Aug 082014
 

Five Good Covers presents five cross-genre reinterpretations of an oft-covered song.

Interpreting song lyrics can be a dicey endeavor. Many songwriters seem to aspire to something poetic, obscure or obtuse. While it may not be hard to deduce the meaning of lyrics like, say, “I wanna rock and roll all nite, and party every day,” so many songs defy easy understanding, either because the lyrics are vague, or hard to hear, or even utter gibberish. R.E.M.’s early songs were filled with random words that made little obvious sense, and yet along with the music, they somehow created a mood. In 2008, Michael Stipe participated in a Q&A with fans, and he said about his early songs:

those songs were mostly written to be sung live. The pa systems were so crap that no one could ever really hear the singer anyway, including the singer. We just never intended to make records, and then suddenly we were making records and the songs were in my head like that, so we just blurred the vocal and turned it way down. The songs that do have words don’t really make any or much sense, it was about creating a feeling and emotion in the room in the moment. As it turns out the records turned out pretty great too, just inscrutable. I had to learn pretty fast how to write a good or great lyric after that. Please don’t analyze them, there’s nothing but feeling there. Sing along and make it up, that’s what I still do.
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Nov 162012
 

Five Good Covers presents five cross-genre reinterpretations of an oft-covered song.

Nick Laird-Clowes had become friends with Paul Simon. One day he played Simon a chorus that had yet to find verses or a bridge; Simon told him that if he could build a song around it, he’d have a hit. “What are you going to call it – ‘Ah Hey Ma Ma Ma’?” Simon asked. Laird-Clowes said no, it would be called “Morning Lasted All Day.” Simon shot that down. After giving it some more thought, Laird-Clowes asked how “Life in a Northern Town” sounded; Simon said it was a great title, and the rest is what we here at Cover Me like to call history. Continue reading »

Jan 242012
 

Though Bob Dylan moved away from his role as a ‘protest singer’ long ago — we saw Another Side by his fourth album — his name will forever be associated with social activism. The international human rights organization Amnesty International rose out of the same turbulent era as Dylan, forming in 1961, the year Dylan recorded his first album. Fitting, then, that in celebration of their 50th birthday, Amnesty would call on artists to contribute their Dylan covers to the massive four disc set Chimes of Freedom: The Songs of Bob Dylan Honoring 50 Years of Amnesty International. Continue reading »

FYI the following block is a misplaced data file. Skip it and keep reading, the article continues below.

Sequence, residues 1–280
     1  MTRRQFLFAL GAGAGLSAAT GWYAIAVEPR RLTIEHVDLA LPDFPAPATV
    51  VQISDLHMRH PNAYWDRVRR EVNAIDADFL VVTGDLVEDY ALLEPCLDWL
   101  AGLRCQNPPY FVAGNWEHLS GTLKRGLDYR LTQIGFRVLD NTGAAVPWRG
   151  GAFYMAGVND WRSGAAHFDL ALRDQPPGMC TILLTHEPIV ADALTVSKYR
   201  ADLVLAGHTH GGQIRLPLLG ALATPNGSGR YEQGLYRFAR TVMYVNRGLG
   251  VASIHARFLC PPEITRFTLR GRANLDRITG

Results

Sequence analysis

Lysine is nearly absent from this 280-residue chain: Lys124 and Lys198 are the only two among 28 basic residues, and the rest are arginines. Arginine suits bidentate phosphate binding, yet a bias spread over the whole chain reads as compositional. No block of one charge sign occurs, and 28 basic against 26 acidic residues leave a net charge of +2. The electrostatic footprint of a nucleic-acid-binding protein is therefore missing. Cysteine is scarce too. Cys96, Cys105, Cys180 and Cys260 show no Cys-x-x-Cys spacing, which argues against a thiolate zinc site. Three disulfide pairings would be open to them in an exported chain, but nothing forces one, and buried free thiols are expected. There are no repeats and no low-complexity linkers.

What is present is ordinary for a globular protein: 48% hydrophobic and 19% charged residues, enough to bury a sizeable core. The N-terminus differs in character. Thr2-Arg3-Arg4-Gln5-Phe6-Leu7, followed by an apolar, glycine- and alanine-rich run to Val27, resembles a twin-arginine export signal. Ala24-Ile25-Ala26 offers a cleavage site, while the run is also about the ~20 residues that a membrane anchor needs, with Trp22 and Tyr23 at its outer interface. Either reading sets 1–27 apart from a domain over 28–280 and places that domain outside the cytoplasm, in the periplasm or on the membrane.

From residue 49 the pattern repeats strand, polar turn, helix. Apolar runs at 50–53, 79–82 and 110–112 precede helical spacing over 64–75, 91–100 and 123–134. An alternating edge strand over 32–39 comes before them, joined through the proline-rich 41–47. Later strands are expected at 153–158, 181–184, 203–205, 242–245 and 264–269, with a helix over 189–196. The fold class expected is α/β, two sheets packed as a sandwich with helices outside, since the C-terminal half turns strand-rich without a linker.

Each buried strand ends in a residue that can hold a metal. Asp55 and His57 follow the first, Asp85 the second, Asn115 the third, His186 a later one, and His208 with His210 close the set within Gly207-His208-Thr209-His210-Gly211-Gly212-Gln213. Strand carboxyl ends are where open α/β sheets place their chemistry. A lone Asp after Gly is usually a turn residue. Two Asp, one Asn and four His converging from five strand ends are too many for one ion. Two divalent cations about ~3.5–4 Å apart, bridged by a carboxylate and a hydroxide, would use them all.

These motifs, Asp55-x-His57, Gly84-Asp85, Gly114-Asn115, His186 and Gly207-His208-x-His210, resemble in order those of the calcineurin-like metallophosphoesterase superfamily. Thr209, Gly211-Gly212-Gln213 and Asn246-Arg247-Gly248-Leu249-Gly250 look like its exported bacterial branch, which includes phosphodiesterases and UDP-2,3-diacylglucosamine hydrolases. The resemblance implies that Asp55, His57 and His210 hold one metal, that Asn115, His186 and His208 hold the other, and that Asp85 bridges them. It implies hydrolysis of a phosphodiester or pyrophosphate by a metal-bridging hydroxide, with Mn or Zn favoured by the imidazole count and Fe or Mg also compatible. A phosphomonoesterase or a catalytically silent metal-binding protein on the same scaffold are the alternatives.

Dec 232010
 

They Say It’s Your Birthday celebrates an artist’s special day with other people singing his or her songs. Let others do the work for a while. Happy birthday!

Some time ago, a rugged, righteous man made his presence known to the world. He had a great respect for certain past traditions, but also some funny ideas about how to move forward. And let’s not forget his wicked beard. He’s influenced western culture more than anyone would’ve first imagined, and people now worship him as an icon and maybe even a savior. His name is revered far and wide: Eddie Vedder.

Yes, the celebrated grunge/alt. rock trailblazer and Pearl Jam founder, born Edward Louis Severson III, turns 46 today, and we thought we’d celebrate with some pretty great covers that span his entire body of work. Continue reading »

Dec 062010
 

Last night VH1 Divas Salute the Troops aired on – you guessed it – VH1. It featured an endless stream of female pop stars, including Katy Perry, Nicki Minaj, Sugarland, and Grace Potter and the Nocturnals. Whether any of these women are really divas is questionable (Perry, maybe), but it’s hard to focus on semantics amidst this much glitter. Perry parachuted in, Minaj wore a vampire-clown-meets-Alice-from-Dilbert wig, and everyone changed costumes about every thirty seconds.

Mostly the stars pimped their current singles (though sadly no “Don’t Ask Don’t Tell”-relevant “I Kissed a Girl”), but a few covers worked their way in. Props to Perry, Keri Hilson, and Jennifer Nettles of Sugarland for turning the Andrews Sisters’ “Boogie Woogie Bugle Boy” into a full USO-worthy production. Less props to Perry and Minaj for covering “Girls Just Want to Have Fun.” Hey ladies, I’m pretty sure the focus is supposed to be the soldiers, not yourselves. Still, with Katy Perry, one out of two songs not being entirely self-serving is better than normal. Continue reading »